Each of the three hospitals highlighted in the section above has been recognized as an exemplary patient-centered hospital through Planetree Patient-Centered Hospital Designation Program®. A comprehensive program for advancing and assessing patient-centered excellence, the Patient-Centered Hospital Designation Program serves as an implementation framework for the complex work of organizational culture change ,. Drawing on extensive focus group research, along with the knowledge derived from partnering with organizations in the field to develop strategies for meeting patient and staff needs, Planetree launched the program in 2007 to support organizations in creating and maintaining a patient-centered and compassionate culture. The program addresses core components of culture change and PCC with explicit organizational performance criteria, effectively converting patient-centered care from an aspiration into a goal that can be set, measured and attained.
Among the more than 50 criteria an organization must fulfill to achieve Designation is criterion II.A.:
II.A: All staff members of the primary organization being recognized, including off-shift, part-time, and support staff are given an opportunity to participate in a patient-/resident-centered staff retreat experience or a comparable experiential patient-centered care immersion program, with a minimum concurrent completion rate of 85%. In addition, per diem staff, employed medical staff and other providers (physician assistants, nurse practitioners and clinical nurse specialists) and volunteers are encouraged to participate in a retreat experience .
The inclusion of this criterion from the very onset of the program derived from the insights of numerous leaders from hospitals with established reputations as being patient-centered (evidenced by long-term commitment to establishing PFE practices resulting in high patient and employee satisfaction). These leaders consistently credited having a critical mass of their employee base participate in a retreat as a defining milestone of their patient-centered care implementation journey, and one that differentiated for staff patient-centered care as a cultural shift (how we do things) from the more familiar types of programmatic intervention (what we do).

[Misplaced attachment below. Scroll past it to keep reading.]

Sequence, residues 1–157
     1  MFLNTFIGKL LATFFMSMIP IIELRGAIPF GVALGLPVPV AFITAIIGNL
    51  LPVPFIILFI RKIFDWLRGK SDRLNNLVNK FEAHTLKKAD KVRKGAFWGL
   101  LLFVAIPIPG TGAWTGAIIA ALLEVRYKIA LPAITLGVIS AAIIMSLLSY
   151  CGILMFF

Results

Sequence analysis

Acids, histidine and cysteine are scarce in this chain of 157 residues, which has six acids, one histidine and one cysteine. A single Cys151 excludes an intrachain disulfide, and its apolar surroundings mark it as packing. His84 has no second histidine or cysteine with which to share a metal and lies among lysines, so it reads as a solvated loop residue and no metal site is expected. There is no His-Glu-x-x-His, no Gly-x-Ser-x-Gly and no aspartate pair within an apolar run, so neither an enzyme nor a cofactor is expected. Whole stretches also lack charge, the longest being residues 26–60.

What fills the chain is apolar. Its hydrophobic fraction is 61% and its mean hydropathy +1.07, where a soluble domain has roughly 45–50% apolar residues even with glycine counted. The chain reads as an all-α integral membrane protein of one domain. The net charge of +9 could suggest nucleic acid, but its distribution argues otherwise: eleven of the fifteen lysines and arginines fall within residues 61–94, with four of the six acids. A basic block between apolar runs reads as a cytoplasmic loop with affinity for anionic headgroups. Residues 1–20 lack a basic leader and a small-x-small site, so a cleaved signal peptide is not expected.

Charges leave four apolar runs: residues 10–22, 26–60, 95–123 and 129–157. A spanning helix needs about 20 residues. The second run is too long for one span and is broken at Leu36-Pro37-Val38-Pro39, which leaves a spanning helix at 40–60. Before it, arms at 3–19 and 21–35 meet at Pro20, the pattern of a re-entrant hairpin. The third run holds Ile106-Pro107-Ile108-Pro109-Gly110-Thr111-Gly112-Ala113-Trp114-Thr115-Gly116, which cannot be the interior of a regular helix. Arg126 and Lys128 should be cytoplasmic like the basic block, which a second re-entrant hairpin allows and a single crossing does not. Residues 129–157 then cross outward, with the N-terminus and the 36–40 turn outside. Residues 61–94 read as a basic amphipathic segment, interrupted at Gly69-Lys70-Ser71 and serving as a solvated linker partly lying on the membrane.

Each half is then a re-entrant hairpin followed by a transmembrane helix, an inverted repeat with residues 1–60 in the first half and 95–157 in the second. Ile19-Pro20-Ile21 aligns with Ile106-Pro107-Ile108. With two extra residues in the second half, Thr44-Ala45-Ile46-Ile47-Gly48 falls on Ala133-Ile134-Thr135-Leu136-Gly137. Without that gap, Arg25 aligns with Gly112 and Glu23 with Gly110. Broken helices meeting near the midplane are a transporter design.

Providing evidence of retreat participation is not sufficient for an organization to fulfill the criterion. An on-site assessment includes focus groups with recently discharged and current patients, family members, members of the medical staff, and employees to validate that the spirit and intent of each criteria are reflected back in the lived experiences of these key stakeholder groups. Confirmation of attendance by employees in focus groups does not demonstrate fulfillment either. Focus group questions probe how the retreat experience connected staff to what it means to deliver compassionate, patient-centered care, and how it has shaped the organization’s culture and their interactions with patients and families, as well as with each other. Comments from staff in focus groups held at sites that ultimately were awarded the designation include:
“As a new employee that first week, I went to the retreat. This is more than anything I had experienced…it’s not the building that makes the institution it’s the people. Always willing to lend a hand.”
“I went on the retreat a few weeks after coming here. It showed us how different the hospital is from others. I worked somewhere else and can’t remember talking about the family or ideas or feedback.”
“It’s that whole experience from even before entering the hospital to post-discharge, and seeing it through the patient or family eyes. I was asked to be a fake patient in the chest pain center. I was in the ER and did a mock drill. Until then, I was the nurse pushing those patients fast through the halls, but until you are lying there, you don’t realize what it’s like and how fast they push you! It puts you in their place and you see what they see. It gives a whole new perspective.”